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It’s new year, and from a worldview outlook, it’s bound to be better than the previous two, right? (Fingers crossed!) As we run into 2022, we know that lacing up a pair of running shoes and being relentless about daily fitness and chasing big goals are what will make the year great. With that in mind, here are 10 things to inspire you about running in the new year.
1. New Year, New Goals
From a running and fitness point of view, there’s never been a better time than right now to start a new running and fitness program and sign up for a race this spring or summer. While COVID-19 remains a concern, most running races, obstacle course races, and triathlons have developed safety protocols to reduce the risk. Do you want to finish your first half marathon? Qualify for Boston? Set a new 10K PR? Complete an Ironman? Give trail running a try? Start now, immerse in a healthy approach to training, have fun, and go for it.
2. USA Cross Country Championships
If you didn’t run cross-country in high school, then you might not understand the thrill and the challenge of what it’s all about. Basically, it’s an all-out race on a grassy, often hilly, and sometimes muddy course that ranges from 5K to 10K. It attracts middle-distance runners to marathoners testing their mettle out of their typical racing disciplines on the track and roads. The 2022 USATF Cross Country Championships will be held on January 8 at Mission Bay Park in San Diego. The event will include women’s races for masters (6K), juniors (6K), and open/pros (10K), as well as a community run (4K). It will be an all-ages celebration of American running with several notable professional stars, including Emily Infeld, Molly Seidel, Natosha Rogers, Alicia Monson, Carrie Verdon, and Emily Durgin, as well as top junior runners like Grace Ping (Oklahoma State), Isabelle Bravo (SoCal Road Runners) and Destiny China (Wings of America). Can’t get to San Diego for the race? You can follow the action on USATF.TV, and we’ll have an update of the results after the race.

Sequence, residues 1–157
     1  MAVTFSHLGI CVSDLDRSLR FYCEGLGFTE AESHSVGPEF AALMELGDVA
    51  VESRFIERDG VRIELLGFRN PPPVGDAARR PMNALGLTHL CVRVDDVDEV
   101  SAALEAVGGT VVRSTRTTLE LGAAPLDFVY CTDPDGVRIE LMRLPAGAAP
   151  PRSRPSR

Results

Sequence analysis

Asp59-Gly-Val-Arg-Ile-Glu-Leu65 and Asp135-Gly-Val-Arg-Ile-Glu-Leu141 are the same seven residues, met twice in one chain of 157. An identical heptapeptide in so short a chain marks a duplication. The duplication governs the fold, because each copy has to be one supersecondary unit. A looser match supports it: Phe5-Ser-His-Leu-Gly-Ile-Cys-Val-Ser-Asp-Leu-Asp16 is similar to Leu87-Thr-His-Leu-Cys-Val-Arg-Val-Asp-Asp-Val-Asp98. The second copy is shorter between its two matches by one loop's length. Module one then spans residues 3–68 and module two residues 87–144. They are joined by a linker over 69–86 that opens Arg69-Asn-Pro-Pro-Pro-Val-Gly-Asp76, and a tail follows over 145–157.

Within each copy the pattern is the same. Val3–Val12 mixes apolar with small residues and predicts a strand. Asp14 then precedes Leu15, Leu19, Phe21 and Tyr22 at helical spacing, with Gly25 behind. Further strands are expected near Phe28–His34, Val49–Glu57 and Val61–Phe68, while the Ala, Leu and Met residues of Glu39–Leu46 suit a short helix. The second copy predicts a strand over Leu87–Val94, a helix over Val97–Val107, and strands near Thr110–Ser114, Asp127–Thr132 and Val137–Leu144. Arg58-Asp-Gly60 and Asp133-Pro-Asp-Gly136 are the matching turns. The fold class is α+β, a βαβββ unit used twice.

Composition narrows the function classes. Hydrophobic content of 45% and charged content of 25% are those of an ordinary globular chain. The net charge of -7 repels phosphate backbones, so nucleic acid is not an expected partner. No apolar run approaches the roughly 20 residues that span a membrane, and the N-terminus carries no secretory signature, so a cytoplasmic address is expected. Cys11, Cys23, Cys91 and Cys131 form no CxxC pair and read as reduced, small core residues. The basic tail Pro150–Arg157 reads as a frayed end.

3. The Continued Dominance of Athing Mu
Athing Mu, the 19-year-old track phenom who established herself as the best 400- and 800-meter runner in the world last year, should continue to dominate on the track in 2022 heading into the World Championships this summer in Eugene, Oregon. At the Tokyo Olympics, Mu, who signed with Nike after one standout season at Texas A&M, became the first American to win Olympic gold in the 800-meter run since Madeline Manning in 1968, smashing Ajee’ Wilson’s American record in the process. She added a second gold in the 4 x 400-meter relay and lowered the 800-meter American record further at the Prefontaine Classic with a 1:55.04 effort. Both Mu and Wilson will be at center stage in the 800-meter run at the 114th Millrose Games on January 29 at The Armory’s New Balance Track & Field Center in New York City. American indoor mile record-holder Elle Purrier St. Pierre will be defending her Wanamaker Mile title at the Millrose Games after winning the event in 4:16.85 in 2020. You can watch the action live on FloTrack.
4. The Rise of Generation Next